As David Marshall was left helpless by Chelsea’s points-clinching third goal, majestically struck by the substitute Oscar, the home support rose as one – and among them was a dapper 50-year-old once dubbed an “enemy of football”.
Yes, Jose Mourinho was in trouble again, banished to the stands – he eventually chose a vacant seat in the fifth row, directly behind the Chelsea dugout – for troubling the referee, Anthony Taylor, and fourth official Trevor Kettle on questions of time-wasting. But it was how his team extricated themselves from difficulty that carried more significance, even if this, too, involved controversy.
They, nevertheless, moved above Liverpool on goal difference and stayed nicely tucked behind the Premier League leaders, Arsenal, by coming from behind to beat Cardiff, Samuel Eto’o scoring his first for the club and Eden Hazard, challenged only by Oscar’s cameo for man-of-the-match honours, collecting a double.
It was a clinical, efficient and ultimately handsome prelude to the visit of Manchester City to Stamford Bridge on Sunday (after a trip to meet Schalke in the Champions’ League). But Mourinho declined to talk about it, preferring a League fine. He might also have been relieved not to face questions about David Luiz’s role in the Cardiff goal.
Malky Mackay was less reticent, powerfully arguing that Taylor had erred in allowing the equaliser. The Cardiff manager said he had spoken to the officials, who had told him they believed Marshall had dropped rather than bounced the ball before having it flicked away from him by Eto’o.
According to the law, a bounced ball is under the control of the goalkeeper and therefore Eto’o committed a foul, Mackay continued. “The explanation leaves us really disappointed.” Asked if the incident had been crucial, he replied: “It certainly was at that point.”
Overall, the score was indeed unkind to a solid Cardiff. They lived in real hope for a time thanks to Luiz. Almost as soon as you come to the conclusion that the Brazilian might be maturing into the high-quality defender his talent renders feasible, he seems to do something stupid. And so it came once more to pass.
The Chelsea defender, John Terry, failed to deal with a long, high ball. That did not matter because it was deflected to Ramires, 25 yards out and under little pressure. Ramires chose to pass back towards Luiz, who ran past the ball, mane tossing, in what can only have been an elaborate attempt at a dummy.
Had Petr Cech called for it? The goalkeeper’s body-language suggested otherwise and he was late to the ball as Jordon Mutch, who had gambled on Luiz’s folly, dashed forward to dink it into the net.
Cardiff’s reaction did involve much wasting of time. Chelsea, meanwhile, moved the ball as quickly as possible and constantly switched attacking midfielders. With Oscar omitted from the starting line-up, Juan Mata might have been disappointed to find Willian in the No. 10 role and himself on the right. But this proved temporary.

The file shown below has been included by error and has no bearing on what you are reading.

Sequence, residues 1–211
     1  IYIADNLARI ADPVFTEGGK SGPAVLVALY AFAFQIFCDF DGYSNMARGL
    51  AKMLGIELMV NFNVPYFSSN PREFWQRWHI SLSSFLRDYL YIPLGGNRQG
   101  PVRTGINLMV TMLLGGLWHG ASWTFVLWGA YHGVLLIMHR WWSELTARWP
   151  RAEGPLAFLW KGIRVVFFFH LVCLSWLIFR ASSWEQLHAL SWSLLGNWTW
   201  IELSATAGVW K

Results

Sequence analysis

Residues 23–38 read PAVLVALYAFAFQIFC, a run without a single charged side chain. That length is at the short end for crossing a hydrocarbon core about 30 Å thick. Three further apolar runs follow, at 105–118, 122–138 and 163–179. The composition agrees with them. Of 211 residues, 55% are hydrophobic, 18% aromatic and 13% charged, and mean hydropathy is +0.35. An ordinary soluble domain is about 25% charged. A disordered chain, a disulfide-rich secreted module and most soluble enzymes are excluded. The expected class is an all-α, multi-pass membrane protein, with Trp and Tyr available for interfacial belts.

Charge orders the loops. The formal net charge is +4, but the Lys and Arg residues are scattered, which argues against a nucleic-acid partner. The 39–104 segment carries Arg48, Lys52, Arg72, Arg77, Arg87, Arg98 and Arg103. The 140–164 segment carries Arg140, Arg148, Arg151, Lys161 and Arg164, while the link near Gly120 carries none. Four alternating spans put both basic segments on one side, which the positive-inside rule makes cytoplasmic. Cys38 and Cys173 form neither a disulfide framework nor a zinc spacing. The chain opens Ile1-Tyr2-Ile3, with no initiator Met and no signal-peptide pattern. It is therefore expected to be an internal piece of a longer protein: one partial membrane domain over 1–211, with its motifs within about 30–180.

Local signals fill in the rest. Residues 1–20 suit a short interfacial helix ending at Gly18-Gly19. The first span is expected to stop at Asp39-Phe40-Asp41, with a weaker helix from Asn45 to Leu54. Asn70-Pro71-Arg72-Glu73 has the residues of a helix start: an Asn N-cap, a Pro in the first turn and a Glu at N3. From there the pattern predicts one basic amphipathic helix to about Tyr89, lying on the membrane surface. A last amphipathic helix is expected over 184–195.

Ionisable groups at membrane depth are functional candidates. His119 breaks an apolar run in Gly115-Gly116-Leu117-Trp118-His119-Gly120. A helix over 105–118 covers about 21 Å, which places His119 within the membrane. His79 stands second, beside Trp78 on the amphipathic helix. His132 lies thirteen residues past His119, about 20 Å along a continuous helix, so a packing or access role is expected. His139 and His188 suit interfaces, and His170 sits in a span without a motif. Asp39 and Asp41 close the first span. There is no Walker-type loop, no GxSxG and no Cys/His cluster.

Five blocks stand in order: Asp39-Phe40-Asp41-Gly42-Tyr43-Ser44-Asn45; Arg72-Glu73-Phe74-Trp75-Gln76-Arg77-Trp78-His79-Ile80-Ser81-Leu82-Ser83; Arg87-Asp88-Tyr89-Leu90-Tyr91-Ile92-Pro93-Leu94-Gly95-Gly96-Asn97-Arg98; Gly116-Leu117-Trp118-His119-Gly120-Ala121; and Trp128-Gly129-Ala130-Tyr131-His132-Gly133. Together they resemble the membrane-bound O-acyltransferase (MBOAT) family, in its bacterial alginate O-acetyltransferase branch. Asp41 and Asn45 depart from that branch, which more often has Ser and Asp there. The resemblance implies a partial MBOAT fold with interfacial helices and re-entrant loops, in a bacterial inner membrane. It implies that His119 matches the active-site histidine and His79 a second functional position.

When Chelsea equalised, Mata had moved into the central role. Hazard remained generally on the left and it was from there that he got the goal. Another bizarre one, it was.
Marshall had collected the ball and was bouncing it when Eto’o stole in. Hazard took a couple of steps and squared to Eto’o, who tried to go round Gary Medel before scoring but was brought down by the Chilean. The referee held his whistle while Hazard stroked the ball into an unguarded net.
Luiz was yellow-carded after getting too tight on Aron Gunnarsson as Cardiff tried to break out. But generally the tide continued to wash over the visitors, who were broken almost as soon as Oscar had taken over from Mata.
First the fresh arrival fed Hazard, who in turn played the ball through to Eto’o, and now the veteran rolled back the years.
Said to have lacked sharpness since his arrival from Anzhi Makhachkala, he skipped into space, danced round the challenge of Steven Caulker and shot low past Marshall before wildly celebrating at the Matthew Harding end.
Mourinho’s last act was to replace Eto’o with the defender Cesar Azpilicueta. A minute later, according to assistant coach Steve Holland, he encountered “a huge frustration” with the referee’s request to Bransilav Ivanovic to hurry with a throw – making liberal reference to Cardiff’s earlier delays – and was despatched to the stands.
He is unlikely to face serious disciplinary action – certainly no repeat of the Uefa ban that caused him once to exert remote control over a Champions’ League tie with Bayern Munich.
Anyway, the players seemed to fare well enough without Mourinho for the final quarter of the match yesterday, Oscar emphasising Chelsea’s superiority with that glorious dipper from just outside the penalty area and Hazard cutting in from the left to drive under Marshall.
Chelsea (4-2-3-1): Cech; Ivanovic , Luiz, Terry, Bertrand (Torres, 63); Ramires, Lampard; Mata (Oscar, 58), Willian, Hazard; Eto’o (Azpilicueta, 68).
Cardiff City (4-1-4-1): Marshall; Theophile-Catherine, Caulker, Turner, Taylor; Medel (Kim, 55); Cowie, Mutch, Gunnarsson (Gestede, 80), Whittingham, Odemwingie (Campbell, 53).
Referee: Anthony Taylor
Man of the match: Eden Hazard
Match rating: 7/10
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